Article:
Produced by Margot Tiounine, edited by Richard Topping, filmed by Dominic Egan
You can enable subtitles (captions) in the video player
This is the first time the reconstruction team at Notre-Dame has opened the cathedral doors to the media. In April, the world watched as the Gothic masterpiece went up in flames.
A massive effort is now under way to secure the building structure and clear debris.
Over 40 teams are currently on site for the reconstruction, with four lead architects, and between 60 and 150 workers.
A billion euros was pledged for the reconstruction effort, but only a fraction has so far been received.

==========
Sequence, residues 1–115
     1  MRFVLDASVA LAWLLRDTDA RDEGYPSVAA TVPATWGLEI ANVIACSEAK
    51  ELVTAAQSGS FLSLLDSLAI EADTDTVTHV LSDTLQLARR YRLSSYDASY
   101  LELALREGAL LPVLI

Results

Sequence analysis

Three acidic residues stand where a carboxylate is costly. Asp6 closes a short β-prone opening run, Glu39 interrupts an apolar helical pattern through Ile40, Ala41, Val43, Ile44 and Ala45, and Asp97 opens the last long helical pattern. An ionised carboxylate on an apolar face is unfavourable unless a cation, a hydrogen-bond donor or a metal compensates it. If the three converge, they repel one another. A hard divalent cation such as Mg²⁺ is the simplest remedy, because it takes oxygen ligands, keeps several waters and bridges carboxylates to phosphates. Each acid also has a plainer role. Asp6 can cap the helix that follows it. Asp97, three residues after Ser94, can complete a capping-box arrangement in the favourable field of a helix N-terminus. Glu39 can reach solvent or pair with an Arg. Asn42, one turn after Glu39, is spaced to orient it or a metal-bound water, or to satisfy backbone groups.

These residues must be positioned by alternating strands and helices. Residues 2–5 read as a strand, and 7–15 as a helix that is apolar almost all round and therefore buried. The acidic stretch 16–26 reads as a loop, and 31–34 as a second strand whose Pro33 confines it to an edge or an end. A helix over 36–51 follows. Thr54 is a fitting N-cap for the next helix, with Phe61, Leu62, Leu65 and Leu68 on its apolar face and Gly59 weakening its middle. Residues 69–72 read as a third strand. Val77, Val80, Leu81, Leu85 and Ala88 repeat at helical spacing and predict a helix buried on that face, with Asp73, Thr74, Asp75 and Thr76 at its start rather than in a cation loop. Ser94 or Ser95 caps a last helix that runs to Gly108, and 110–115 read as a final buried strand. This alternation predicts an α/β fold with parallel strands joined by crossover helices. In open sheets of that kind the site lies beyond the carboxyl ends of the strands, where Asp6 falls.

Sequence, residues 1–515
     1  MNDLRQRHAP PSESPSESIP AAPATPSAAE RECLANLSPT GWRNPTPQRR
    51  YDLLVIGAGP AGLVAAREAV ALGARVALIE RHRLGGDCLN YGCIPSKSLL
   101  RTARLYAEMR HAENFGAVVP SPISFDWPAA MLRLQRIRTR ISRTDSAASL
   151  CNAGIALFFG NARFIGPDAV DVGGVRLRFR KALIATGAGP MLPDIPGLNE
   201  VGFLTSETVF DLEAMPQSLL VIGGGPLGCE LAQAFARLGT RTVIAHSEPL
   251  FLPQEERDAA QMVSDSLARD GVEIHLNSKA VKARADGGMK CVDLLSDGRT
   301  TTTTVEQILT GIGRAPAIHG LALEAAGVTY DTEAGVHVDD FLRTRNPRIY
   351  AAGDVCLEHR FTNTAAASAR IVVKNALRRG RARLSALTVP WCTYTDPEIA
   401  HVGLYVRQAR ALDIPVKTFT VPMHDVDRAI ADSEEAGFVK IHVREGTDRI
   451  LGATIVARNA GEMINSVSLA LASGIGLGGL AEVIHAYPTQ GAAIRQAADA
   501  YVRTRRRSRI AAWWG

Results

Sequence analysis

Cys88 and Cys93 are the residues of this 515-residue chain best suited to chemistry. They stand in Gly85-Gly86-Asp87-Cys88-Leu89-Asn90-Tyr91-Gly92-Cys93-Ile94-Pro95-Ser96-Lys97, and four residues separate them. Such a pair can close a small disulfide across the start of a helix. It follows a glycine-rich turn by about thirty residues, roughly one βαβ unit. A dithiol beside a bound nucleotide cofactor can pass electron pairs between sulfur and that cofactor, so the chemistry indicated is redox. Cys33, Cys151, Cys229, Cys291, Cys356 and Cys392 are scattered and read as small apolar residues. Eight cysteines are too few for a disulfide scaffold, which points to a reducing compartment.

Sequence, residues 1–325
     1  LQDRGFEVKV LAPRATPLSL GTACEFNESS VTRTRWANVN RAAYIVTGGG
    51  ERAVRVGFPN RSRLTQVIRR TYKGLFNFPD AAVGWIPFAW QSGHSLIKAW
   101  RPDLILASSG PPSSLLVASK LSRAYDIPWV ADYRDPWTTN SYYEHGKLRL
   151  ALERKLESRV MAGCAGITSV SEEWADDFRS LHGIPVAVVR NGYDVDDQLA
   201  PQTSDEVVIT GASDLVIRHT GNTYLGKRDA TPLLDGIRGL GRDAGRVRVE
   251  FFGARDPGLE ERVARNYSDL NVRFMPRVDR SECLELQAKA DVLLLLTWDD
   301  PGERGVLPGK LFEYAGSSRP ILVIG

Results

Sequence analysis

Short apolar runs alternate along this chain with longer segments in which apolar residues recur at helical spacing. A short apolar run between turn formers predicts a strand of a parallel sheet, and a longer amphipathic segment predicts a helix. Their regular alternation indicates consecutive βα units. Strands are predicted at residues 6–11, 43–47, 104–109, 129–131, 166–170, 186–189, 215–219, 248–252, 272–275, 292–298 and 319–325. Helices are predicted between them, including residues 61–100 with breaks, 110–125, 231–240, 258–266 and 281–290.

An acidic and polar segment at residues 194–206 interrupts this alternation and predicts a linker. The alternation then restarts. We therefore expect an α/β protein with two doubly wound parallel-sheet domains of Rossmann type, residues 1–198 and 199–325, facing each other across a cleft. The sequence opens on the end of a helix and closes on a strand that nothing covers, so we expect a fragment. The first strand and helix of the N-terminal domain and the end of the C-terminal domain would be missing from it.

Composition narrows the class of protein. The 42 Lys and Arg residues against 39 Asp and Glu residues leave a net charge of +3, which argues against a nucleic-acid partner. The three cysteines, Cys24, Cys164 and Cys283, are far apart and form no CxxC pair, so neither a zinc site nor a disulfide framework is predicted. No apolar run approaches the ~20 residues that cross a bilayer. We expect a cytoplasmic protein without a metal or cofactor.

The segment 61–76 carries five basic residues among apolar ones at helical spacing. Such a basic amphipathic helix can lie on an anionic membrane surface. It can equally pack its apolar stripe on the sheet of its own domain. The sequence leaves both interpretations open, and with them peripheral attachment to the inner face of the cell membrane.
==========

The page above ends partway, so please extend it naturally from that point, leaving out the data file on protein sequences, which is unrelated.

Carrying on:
These are the pieces of the jigsaw that need to be put back together.
The first stages in Notre-Dame's reconstruction will see architects and engineers work together from a digital copy of the building, made possible by 3D laser scanning.
This is Sainte-Chapelle, another masterpiece of the Gothic era, located just a short stroll from Notre-Dame. Benjamin has been tasked to scan it as part of a global effort to preserve landmarks across the country.
This method creates an exact copy of a building in the event of destruction or fire.
Such innovation continues today.
The scan provides the foundation for the rebuild of Notre-Dame.
This modelling can be used by every single worker on the construction site, and the different teams share the modelling in a common database. Then construction can begin in earnest.
The reconstruction project is expected to take at least five years.
There are still questions over the stability of the vaults in the cathedral, and how the reconstruction will look is yet to be decided. The battle to save Notre-Dame has only just begun.